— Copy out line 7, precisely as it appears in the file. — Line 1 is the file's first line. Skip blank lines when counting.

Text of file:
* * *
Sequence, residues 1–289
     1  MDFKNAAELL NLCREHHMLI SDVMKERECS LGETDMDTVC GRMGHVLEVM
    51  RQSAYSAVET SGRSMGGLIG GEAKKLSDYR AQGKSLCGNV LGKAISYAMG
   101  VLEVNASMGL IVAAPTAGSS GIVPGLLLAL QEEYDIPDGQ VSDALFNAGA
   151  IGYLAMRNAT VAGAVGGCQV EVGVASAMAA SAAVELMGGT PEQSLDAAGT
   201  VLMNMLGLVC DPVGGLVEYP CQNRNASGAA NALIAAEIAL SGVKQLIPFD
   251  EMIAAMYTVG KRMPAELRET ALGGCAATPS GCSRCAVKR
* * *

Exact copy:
   251  EMIAAMYTVG KRMPAELRET ALGGCAATPS GCSRCAVKR